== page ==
Cephalometric standards from different ethnic and racial have been determined and compared, and the need for individualization for each specific group has been demonstrated [31, 32], in order to better understand the cephalometric characteristics of different groups during orthodontic diagnosis and planning. Thus, the present study provides the clinician with a more specific reference in the vertical direction of the face, particularly for young Nigerian descendants with different skeletal malocclusion.

Due to the ethnic differences observed in previous vertical facial heights studies among Nigerian population samples [14, 21, 33, 34], our findings may not be applied on Nigerian population in general. Further studies in this field are necessary, especially in selecting a reliable sample, defining the ethnic group, and considering the regional differences.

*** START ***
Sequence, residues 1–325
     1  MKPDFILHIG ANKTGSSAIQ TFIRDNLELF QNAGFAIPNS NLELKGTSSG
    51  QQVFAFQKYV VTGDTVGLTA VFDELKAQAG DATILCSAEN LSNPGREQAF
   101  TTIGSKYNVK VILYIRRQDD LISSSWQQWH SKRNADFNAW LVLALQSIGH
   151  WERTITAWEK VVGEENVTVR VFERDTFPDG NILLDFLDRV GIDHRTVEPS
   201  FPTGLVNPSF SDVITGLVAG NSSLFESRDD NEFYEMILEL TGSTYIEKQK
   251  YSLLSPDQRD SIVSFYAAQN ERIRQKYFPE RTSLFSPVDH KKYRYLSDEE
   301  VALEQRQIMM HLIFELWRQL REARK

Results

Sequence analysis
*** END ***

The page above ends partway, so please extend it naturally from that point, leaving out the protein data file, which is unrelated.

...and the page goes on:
Based on the sample and methods employed in this study, values are presented to establish a cephalometric pattern of anterior facial heights and its ratios, for young Nigerian descendants with different sagittal skeletal jaw relationships. The anterior facial heights and its ratios showed no significant sex variation and revealed no significant difference among the skeletal groups.